r n!

Guerrilla chief claims
victory in Nicaragua

students are eligible for help. "It's pre-
paid legal assistance," said Arnson,
"and that's the thing that makes it so
Lauer estimates that 50 per cent of
the cases involve landlord-tenant con-
flicts. An additional 20 per cent are con-
sumer complaints and another 20 per
cent are family law cases. The
remaining suits are generally criminal
cases or contract disputes.
According to Lauer, 2,000 students
have made use of the program this'year
alone. In January, a walk-in service
was initiated to answer any questions
students might have. Lauer said 300
students this term have already come
in for advice during the walk-in
sessions. Although the schedule for the
spring term is still uncertain, walk-in
hours this term are on Mondays and
Thursdays, from 2 to 4 p.m.
The office is staffed by four full-time
lawyers, 10 volunteers from the law
school, and three full-time support staff
members. Except for filing fees in
court, all legal services are completely




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From Reuter and AP
MANAGUA, Nicaragua, -
Guerrillas fighting for the overthrow of
Nicaraguan President Anastasio
Somoza yesterday controlled 50 per
cent of the provincial capital of Esteli,
one of their commanders said by
telephone from the besieged city.
The guerrillas disabled a Sherman
tank sent into the city and killed a num-
ber of National Guardsmen, according
to the guerrilla leader who identified
himself as Commander Dimas of the
'Sandinist National Liberation Frbnt
"WE ARE holding half of the city,"
Dimas said. "In the other half the
Guard only controls some sectors. They
won't get us out of here."
He said 300 trained guerrillas were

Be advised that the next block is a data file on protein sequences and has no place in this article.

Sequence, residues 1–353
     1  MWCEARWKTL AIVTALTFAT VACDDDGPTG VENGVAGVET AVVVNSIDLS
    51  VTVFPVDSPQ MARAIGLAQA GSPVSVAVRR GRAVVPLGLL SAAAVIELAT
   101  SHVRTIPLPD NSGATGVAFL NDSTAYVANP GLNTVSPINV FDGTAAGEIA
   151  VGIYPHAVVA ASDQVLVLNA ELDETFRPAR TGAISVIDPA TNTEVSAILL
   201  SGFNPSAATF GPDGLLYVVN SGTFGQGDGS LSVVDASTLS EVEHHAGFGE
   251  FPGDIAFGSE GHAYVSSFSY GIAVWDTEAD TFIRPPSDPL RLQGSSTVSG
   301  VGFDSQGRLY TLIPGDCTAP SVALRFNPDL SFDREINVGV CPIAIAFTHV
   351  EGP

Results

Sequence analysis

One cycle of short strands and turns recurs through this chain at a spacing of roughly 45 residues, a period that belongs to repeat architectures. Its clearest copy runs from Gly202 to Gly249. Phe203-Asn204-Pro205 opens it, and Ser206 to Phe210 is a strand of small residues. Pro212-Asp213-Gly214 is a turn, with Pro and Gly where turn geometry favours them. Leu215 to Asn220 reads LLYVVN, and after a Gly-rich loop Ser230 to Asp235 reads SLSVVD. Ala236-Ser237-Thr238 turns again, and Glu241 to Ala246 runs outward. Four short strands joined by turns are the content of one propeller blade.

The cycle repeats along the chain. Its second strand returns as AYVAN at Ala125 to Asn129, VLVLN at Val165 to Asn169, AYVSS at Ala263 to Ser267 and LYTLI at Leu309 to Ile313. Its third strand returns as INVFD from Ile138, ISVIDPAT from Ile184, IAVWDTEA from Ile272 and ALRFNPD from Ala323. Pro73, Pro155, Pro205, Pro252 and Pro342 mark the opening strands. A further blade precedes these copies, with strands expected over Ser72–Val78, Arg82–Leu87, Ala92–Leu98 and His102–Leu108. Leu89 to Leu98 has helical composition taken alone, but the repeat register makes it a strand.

involved in the Esteli insurrection,
assisted by about 200 local military per-
The guerrillas launched coordinated
attacks on Esteli, about 70 miles north
of the capital, Managua, and other
cities last Saturday on the eve of
President Somoza's departure for a
one-week vacation in the U.S.
Meanwhile, National Guard jets fired
rockets into rebel positions in Esteli

while ground troops fought house-to-
house and pounded rebels with mor-
tars, reports said.
In Managua, FSLN guerrillas at-
tacked a police station in.a poor neigh-
borhood late Thursday but were driven
off, a guard spokesman said.
He said 27 persons were killed in the
fight at the police station and in gun
battles in several other Nicaraguan
cities, not including Esteli, but gave no
. Red Cross officials and refugees from
Esteli spoke of "many dead and woun-
ded." Reporters were barred from en-
tering the battle zone and there was no
way to estimate the number of
casualties. The last national guard
casualty report from Esteli was issued
Monday and said 77 persons, including
seven guardsmen, had been killed.
The attack in Managua, with leftist
rebels piling up street barricades of
rocks and burning tires, was seen as a
diversion by guerrillas to relieve
pressure on Esteli. The city is 90 miles
north of Managua, and the fight to top-
ple President Anastasio Somoza - who
is on vacation in the United States -
has been raging there for more than a